Originating Network Protocol Type (UMTS, ANSI-41, SIP, etc.)
Originating System ID
Calling party number
Call ID (e.g., Billing ID, Call reference number)
Terminal Serial Number (e.g., ESN)

At 330, PDLS B 302 converts the Request_Route_Information COPS message to a protocol-dependent message and forwards the protocol-dependent message to the corresponding communications network. At 335 the communications network returns the location of the subscriber in a protocol-dependent message to PDLS B 302. PDLS B 302 then translates the message into a Request_Route_Information_Ack COPS message at 340 and forwards it to the CLS 145. The CLS 145 places the routing information in a Request_Location_Ack COPS message at 355 and forwards it to PDLS A 301 so that the call can be successfully routed to the subscriber. Some of the parameters for the Request_Route_Information_Ack COPS message are summarized in Table 9.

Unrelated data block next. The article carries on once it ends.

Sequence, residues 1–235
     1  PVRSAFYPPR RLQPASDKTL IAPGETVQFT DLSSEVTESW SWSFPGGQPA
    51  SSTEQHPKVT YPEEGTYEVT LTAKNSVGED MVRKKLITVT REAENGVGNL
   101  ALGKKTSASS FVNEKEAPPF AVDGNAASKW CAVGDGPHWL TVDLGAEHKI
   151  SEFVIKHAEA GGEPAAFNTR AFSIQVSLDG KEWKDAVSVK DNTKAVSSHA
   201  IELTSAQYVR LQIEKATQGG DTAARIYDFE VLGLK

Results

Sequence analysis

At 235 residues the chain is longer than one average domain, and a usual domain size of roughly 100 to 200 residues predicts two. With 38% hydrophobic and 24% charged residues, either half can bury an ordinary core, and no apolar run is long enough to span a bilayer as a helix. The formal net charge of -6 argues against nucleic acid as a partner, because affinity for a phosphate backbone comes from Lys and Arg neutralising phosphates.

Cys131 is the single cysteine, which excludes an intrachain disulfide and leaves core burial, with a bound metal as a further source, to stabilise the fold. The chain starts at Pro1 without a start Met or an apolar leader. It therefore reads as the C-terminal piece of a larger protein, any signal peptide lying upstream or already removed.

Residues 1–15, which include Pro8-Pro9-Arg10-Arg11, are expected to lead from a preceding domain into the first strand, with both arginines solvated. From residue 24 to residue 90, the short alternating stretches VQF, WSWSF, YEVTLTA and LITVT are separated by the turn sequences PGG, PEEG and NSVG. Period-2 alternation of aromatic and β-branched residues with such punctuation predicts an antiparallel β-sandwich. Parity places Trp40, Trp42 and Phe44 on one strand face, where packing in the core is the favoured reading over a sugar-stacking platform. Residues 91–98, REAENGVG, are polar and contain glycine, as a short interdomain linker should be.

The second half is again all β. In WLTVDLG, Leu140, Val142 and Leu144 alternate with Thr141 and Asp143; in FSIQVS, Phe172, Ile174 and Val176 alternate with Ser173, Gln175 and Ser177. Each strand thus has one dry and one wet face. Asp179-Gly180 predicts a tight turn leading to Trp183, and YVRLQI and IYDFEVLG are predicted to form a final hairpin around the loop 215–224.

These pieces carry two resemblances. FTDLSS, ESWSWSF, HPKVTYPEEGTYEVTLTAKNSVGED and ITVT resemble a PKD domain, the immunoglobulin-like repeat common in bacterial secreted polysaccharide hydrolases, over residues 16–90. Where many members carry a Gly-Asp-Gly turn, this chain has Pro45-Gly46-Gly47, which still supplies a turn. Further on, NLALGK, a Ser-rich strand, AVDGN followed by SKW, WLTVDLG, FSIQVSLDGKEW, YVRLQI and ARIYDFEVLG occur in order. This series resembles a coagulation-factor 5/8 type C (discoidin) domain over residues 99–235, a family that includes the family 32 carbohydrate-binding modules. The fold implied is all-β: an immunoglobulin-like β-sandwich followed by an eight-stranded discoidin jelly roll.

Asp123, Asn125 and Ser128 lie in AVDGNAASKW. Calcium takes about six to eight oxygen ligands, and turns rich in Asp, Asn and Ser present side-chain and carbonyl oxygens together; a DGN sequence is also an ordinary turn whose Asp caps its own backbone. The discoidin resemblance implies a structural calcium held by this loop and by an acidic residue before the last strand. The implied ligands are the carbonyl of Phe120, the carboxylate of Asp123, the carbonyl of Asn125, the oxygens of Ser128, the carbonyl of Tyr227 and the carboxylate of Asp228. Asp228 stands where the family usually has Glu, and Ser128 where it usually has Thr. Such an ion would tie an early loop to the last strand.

TABLE 9
Key parameters in Request_Route_Information_Ack COPS
message.
Parameter name
Routing number (MSRN, TLDN, etc.)
Serving system ID
Return value

Next, the CLS 145 formats the information into a COP message, known as Request_Location_Ack Message and forwards it to PDLS B 302. A summary of some of the parameters for the Request_Location_Ack. COP message is given in Table 10.

TABLE 10
Key parameters in Request Location Ack COP
message.
Parameter name
Terminal ID (e.g., IMSI, MN, SIP URL, etc.)
Terminal Serial Number (e.g., ESN)
Routing Instructions
Redirection reason (e.g., call forwarding reason)
Return value
Destination List (List of the following parameters)
  Destination type (ANSI-41, UMTS, SIP, etc.)
  Routing information (e.g., TLDN, MSRN)
  Serving system ID
  Routing type (fixed telephone number, temporary routing number,
  etc.)
  Termination treatment (e.g., voice mail, mobile device termination)